All of us are going up to Redding to see Treva and also for us (Terri and I) to go snowshoeing at Mt Shasta.
Had dinner at Robin and Greg's which was delicious. Robin, who
will be joining us for snowshoeing, had encouraged me to bring the
dogs, but after hearing that one of her two dogs was a JRT X with some
dog issues then Yoshi was left at Treva's and I'm really glad I
did. Izzy the dog was ok, but kinda strange around Trek and took
advantage of the fact that Trek would disengage and try to get
away. Twice I had to go rescue Trek in the backyard as Izzy had
chased her out there. No aggression, more just stay away from my
mom, my house, type of nonsense.
Wed Jan 21
Trek ODTC class. She was much more settled this time. Did
some heeling and was fine with the noise (mostly - the door still makes
a huge rattling sound). Was afraid of some jump poles placed in
front of the jump but eventually was able to cope, stays were pretty
good, dumbbell is improving, and what really impressed me was that her
stand for exam was almost as good as I can get in the living room.
Mon Jan 19
while we were on the driveway having just exited the house I saw a
person and a dog running by. I had fortunately 1/2 second warning
to prepare (if you can call if that), before Yoshi saw the dog and
pitched an absolute fit. In situations like this there's no time
for food so I slide my hand down the leash and get his collar (the
sliding down the leash is important when there's a moving dog target),
get a hold of his collar or scruff, get the other hand on the other
side of his head, kneel down,hold him facing me with his back to the
dog, and tell him (over and over) in the calmest voice I can find that
he's ok. He's is completely whale-eyed, crying/whining, trying
disparately to spin around or just look, but I keep (calmly!), guiding
him with my arms to look back at me. This approach is more
modified Brenda Aloff than CU, but when doing what Leslie calls Damage
Control and then you're penned in, it seems to work the best.
Then a poodle or white PWD standing on a bicycle trailer (!) that went
right by us. It was so out of context that Yoshi didn't see the
dog at all and seeing that it wasn't a good training opportunity,
turned Yoshi so he wouldn't see the dog.
Next was a couple of small dogs walking the other direction on the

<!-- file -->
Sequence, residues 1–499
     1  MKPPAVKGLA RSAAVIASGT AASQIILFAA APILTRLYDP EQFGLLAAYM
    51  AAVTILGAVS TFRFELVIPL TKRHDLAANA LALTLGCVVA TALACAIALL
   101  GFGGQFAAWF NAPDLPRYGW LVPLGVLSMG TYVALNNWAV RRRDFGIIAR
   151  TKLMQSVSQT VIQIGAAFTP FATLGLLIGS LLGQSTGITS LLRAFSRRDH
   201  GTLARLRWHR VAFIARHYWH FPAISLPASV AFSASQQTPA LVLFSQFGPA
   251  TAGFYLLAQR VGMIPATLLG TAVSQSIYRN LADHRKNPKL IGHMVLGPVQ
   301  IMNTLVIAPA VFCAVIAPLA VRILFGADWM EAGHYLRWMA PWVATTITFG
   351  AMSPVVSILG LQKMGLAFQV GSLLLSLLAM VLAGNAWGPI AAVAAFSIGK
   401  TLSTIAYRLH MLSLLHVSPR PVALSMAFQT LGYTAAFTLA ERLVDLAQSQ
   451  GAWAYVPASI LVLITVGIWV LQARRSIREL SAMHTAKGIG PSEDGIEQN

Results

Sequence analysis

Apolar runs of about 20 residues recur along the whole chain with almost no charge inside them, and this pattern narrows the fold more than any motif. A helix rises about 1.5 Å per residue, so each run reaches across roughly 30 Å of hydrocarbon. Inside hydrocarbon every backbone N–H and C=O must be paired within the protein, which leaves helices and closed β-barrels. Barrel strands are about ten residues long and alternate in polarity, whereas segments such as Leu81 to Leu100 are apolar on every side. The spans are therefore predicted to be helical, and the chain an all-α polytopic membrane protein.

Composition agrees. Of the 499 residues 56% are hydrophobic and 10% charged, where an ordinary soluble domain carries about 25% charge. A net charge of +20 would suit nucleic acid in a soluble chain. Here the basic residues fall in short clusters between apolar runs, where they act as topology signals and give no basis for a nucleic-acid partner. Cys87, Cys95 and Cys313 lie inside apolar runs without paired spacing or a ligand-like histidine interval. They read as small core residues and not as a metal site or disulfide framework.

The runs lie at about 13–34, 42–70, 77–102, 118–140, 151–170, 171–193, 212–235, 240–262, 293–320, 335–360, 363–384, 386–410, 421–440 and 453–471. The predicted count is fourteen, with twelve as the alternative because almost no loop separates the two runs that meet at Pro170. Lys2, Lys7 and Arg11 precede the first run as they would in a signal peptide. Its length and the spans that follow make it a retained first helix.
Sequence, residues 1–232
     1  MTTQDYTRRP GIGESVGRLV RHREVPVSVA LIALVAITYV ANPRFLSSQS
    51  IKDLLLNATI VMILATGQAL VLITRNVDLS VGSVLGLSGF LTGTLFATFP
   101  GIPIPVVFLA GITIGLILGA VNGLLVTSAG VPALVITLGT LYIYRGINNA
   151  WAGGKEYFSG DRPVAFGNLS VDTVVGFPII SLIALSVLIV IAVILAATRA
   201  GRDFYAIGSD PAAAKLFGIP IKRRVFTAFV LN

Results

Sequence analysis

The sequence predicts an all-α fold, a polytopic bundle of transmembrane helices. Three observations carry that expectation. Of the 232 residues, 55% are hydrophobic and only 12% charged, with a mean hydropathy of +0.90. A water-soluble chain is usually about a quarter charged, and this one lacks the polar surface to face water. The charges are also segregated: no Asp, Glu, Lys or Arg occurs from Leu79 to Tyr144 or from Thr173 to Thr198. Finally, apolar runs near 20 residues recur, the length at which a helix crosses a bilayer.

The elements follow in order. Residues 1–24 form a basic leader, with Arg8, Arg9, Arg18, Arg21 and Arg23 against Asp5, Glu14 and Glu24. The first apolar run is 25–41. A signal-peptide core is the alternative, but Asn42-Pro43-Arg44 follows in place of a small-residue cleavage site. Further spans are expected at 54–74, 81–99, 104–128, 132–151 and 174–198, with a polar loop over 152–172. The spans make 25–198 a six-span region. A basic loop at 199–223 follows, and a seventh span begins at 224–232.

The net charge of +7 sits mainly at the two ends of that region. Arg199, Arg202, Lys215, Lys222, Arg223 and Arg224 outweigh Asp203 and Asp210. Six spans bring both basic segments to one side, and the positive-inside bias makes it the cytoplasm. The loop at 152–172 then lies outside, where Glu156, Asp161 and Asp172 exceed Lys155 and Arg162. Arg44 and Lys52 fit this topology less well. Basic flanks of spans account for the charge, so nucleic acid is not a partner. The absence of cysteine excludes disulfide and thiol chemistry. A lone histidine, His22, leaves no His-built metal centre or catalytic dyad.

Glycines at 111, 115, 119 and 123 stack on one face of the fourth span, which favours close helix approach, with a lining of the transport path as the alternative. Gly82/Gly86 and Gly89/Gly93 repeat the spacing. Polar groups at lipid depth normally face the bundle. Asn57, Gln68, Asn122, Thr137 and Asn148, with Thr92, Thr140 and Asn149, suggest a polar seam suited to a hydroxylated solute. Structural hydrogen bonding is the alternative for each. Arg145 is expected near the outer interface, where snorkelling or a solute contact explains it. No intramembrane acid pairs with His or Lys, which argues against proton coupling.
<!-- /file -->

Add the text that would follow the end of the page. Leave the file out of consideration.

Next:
opposite side of the street. Yoshi stiffened but when asked
turned around to me and relaxed a little and ate. While he ate i
let him see the dogs again and he then decided to (try to) lunge and
bark and whine and etc. I had my hand on his collar so he wasn't
going anywhere and got him to quickly go back to eating.
Last was near home with a larger light colored dog approaching the
corner we were at but up the street and an additional house width
away. Yoshi looked at the dog and didn't immediately
react. I got him walking in the other direction just fine but not
willing to let a training opportunity walk away stopped him and let him
look at the dog again. He tensed and I turned him back and put
food on the ground and as he ate it kept putting food on the
ground. When he finished that we started to walk away and he
couldn't resist getting a bark in there but wasn't panicked at all,
The difference in his small vs large dog reaction is pretty
dramatic. For small dogs it's almost like a prime directive for
him to react strongly. With larger dogs he's very much like the
Gary Larson "The Far Side" dog that on seeing an alien decides that he
may want to skip the usual barking frenzy (I wish I had an online
reference for that one.)
HTrainer3 and I were talking and we both agreed that it seemed useful to
have a steady larger dog around in the case of reactive smaller
dogs. Of course Yoshi started treating them like his own personal
playthings then 9which is pretty much what he was doing in the Yoshi in Love video), so you have to be careful.
Sun Jan 18
Yoshi Washington Park Walk
Improving, not perfect at all. Getting even more specific on his
reactiveness. I'm not insisting on sit but getting it as a